The whole feeling alone thing. That is just hard. All the people you really care about you can’t tell

Jimmy’s book recommendations

  • A Guide to the Good Life: The Ancient Art of Stoic Joy, by William B Irvine
  • Why I Believed: Reflections of a Former Missionary, by Kenneth W Daniels.
  • Jayber Crow, by Wendell Berry
  • How (not) to Be Secular, by James KA Smith
  • Blue Remembered Earth, by Alastair Reynolds

Interact

Deconversion How To
https://gracefulatheist.wordpress.com/2017/12/03/deconversion-how-to/

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Image Credit
“memento Mori, ‘To This Favour’ by William Michael Harnett” by Bob Ramsak is licensed with CC BY-NC-ND 2.0. To view a copy of this license, visit https://creativecommons.org/licenses/by-nc-nd/2.0/

Audio Credit

“Waves” track written and produced by Makaih Beats

Joel Furches: Why Christians Become Atheists

20 Questions With a Believer, Atheism, Critique of Apologetics, Deconstruction, Deconversion, Podcast, Podcasters, The Bubble
Click to play episode on anchor.fm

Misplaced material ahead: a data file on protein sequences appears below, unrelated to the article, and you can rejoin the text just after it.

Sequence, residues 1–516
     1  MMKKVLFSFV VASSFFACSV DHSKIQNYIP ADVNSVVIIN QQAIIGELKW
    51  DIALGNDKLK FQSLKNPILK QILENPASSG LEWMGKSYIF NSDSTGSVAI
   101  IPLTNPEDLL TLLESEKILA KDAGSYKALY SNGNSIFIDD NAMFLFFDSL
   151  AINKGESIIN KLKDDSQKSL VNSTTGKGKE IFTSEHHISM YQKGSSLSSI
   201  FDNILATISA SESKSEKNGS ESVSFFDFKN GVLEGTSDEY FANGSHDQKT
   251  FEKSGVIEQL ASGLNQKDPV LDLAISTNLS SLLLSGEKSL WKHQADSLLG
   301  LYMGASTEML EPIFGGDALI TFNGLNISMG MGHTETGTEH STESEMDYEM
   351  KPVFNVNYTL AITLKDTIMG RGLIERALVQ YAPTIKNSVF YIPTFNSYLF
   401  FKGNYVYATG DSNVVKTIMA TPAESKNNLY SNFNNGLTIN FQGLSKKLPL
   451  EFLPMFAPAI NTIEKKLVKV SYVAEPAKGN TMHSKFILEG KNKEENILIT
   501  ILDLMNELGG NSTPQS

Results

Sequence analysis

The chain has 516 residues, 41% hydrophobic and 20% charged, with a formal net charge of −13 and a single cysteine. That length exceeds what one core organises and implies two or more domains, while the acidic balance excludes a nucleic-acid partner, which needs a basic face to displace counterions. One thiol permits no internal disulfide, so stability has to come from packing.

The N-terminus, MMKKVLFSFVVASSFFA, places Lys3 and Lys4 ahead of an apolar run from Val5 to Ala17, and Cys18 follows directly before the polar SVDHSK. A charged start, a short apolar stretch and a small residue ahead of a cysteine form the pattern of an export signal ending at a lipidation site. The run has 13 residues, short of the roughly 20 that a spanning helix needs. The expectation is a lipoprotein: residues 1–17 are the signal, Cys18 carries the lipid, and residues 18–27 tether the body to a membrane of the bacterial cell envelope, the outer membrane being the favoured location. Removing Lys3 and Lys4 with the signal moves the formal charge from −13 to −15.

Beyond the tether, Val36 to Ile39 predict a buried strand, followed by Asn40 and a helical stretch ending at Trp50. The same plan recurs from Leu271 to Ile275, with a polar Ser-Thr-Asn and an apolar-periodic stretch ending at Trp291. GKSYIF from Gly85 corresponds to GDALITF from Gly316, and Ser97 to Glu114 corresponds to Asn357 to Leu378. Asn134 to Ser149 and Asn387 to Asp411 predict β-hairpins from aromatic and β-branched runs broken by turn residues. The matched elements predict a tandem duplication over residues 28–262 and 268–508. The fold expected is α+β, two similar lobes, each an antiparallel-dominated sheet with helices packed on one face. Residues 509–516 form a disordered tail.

My guest this week is Joel Furches. Joel is a Christian and a psychologist researching topics of religion. He has a BA in psychology an MA in education, and he is working on his PhD in Behavioral Analysis. He he has focused on conversions and deconversions and has written a well researched article entitled: Why Do Christians Become Atheists? A Case Study.

The people I find most likely to adopt the label atheist and deconvert are the people who tied their identity most importantly to the Church.

Joel and I discuss his research and walk through his model of deconversion. We discuss the “Market place of ideas” and “The Christian Bubble.” We define the terms disaffiliation, deconstruction and deconversion.

I would advise intellectual humility and the ability to say “I don’t know” about things.

Joel’s advice for Christians who are seeing more deconversions:

[What] I would say to Christians in general is that it is not their responsibility to re-covert [the deconvert].
They have not failed because this person deconverted and they will probably not succeed in re-converting them.
It is to respect the person who has deconverted, respect their experience. Give them the right that any other human being would have which is to defend their views. And interact or engage in those views as important.

Links

Joel’s Website:
https://joelfurches.com/

Switching Sides
FB: https://www.facebook.com/Deconversionstudies/
Twitter: https://twitter.com/SidesSwitching

Why Do Christians Become Atheists? A Case Study
https://hubpages.com/politics/Why-do-Christians-Become-Atheists-A-Case-Study